The Hong Kong government expressed its disappointment with the Philippines for failing to take more serious action against officials who mishandled the crisis, which was broadcast live around the world. Police officers had stormed the bus after negotiations with the hijacker, a disgruntled former policeman, failed.

After the probe, the former leader said Manila’s mayor and two police chiefs would face charges over their handling of the incident. He later fired the deputy Ombudsman for sitting on the plea for reinstatement of Rolando Mendoza, the dismissed police officer.

In December 2011, Mr. Aquino faced criticisms for his government’s lack of preparation for Tropical Storm Washi (Sendong), which killed more than 1,200 people in southern Philippines — the deadliest to hit the country in three years.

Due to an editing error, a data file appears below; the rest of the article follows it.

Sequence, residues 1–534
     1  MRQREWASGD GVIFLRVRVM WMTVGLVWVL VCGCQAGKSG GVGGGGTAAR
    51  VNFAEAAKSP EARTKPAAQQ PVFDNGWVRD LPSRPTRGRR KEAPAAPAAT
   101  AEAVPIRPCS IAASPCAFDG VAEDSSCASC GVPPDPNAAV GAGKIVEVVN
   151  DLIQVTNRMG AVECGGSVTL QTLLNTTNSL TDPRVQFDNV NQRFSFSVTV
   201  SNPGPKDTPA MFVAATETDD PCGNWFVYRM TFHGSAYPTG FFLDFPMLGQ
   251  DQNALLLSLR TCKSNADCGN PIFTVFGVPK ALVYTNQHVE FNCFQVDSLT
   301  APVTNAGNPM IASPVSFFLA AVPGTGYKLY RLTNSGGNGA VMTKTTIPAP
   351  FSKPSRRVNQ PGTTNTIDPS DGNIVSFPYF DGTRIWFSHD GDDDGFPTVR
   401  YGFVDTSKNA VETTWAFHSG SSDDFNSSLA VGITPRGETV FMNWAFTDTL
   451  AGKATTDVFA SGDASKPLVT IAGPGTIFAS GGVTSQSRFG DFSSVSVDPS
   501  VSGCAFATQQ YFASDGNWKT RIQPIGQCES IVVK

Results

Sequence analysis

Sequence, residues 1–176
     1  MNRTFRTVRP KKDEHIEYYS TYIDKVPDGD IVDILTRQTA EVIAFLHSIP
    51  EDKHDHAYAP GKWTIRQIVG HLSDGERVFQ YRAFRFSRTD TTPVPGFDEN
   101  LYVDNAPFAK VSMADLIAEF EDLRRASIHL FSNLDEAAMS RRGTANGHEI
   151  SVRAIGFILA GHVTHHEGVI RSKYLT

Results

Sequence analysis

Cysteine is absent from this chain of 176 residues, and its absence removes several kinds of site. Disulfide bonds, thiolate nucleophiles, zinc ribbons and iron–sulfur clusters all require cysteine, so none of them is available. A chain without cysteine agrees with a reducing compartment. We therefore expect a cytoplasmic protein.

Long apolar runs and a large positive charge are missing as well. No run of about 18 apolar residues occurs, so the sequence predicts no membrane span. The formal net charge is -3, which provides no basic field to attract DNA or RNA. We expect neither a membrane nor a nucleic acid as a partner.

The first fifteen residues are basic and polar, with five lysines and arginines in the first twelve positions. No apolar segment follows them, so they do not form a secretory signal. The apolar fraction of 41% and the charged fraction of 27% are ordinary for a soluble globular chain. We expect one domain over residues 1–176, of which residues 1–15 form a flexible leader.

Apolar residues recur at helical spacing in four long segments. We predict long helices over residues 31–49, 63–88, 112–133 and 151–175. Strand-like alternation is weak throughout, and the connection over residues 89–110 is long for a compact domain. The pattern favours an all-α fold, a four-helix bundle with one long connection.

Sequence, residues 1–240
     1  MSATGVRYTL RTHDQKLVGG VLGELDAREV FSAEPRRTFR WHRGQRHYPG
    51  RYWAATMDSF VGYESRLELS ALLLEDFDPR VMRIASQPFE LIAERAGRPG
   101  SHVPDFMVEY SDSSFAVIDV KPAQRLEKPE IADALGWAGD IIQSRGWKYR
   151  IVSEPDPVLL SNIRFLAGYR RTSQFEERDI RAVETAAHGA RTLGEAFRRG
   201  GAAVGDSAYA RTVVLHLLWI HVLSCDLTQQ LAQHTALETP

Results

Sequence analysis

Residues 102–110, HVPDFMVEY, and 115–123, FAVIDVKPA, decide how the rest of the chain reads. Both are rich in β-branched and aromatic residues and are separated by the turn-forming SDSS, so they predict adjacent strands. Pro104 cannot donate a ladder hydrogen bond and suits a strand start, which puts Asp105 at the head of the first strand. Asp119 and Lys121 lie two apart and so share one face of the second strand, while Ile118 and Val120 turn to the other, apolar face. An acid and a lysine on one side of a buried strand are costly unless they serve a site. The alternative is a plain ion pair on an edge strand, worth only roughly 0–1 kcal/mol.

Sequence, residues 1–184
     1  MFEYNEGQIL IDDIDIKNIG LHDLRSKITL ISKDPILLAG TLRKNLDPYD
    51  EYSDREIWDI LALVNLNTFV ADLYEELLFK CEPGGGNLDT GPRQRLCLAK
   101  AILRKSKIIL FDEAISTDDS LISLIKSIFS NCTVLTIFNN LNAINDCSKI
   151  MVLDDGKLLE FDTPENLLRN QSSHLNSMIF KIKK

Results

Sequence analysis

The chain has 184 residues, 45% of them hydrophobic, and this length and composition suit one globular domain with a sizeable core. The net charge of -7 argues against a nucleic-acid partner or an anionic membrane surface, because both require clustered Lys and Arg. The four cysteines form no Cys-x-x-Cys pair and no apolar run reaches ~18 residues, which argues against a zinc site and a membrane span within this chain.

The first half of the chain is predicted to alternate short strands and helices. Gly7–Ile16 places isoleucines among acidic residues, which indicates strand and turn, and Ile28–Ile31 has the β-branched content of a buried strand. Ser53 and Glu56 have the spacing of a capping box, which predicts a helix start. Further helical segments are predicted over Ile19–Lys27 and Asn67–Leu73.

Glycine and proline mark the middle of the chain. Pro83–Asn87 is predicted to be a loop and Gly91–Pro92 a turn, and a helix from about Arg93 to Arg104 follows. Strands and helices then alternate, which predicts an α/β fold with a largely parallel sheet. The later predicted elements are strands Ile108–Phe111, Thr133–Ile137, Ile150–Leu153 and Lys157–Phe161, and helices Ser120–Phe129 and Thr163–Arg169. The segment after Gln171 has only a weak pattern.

He ordered a probe of the government’s response to the disaster as the death toll climbed and promised that there would be “no disaster of this magnitude ever again.”

Mr. Aquino was also criticized for his government’s mishandling of a police raid where 44 commandoes were killed in a clash with Muslim rebels in Mamasapano town, Maguindanao in January 2015.

He later faced charges of reckless imprudence resulting in homicide for the bloodbath. The Supreme Court in 2019 rejected a lawsuit that sought his indictment.

Mr. Aquino’s career as a congressman and senator was rather unexceptional. Among his most notable measures that became law was the creation of a congressional committee to ensure intelligence funds were used properly.

At the Senate, he pushed for a more transparent government procurement process and budget “impoundment,” which allowed the President to block the release of certain funds appropriated by Congress.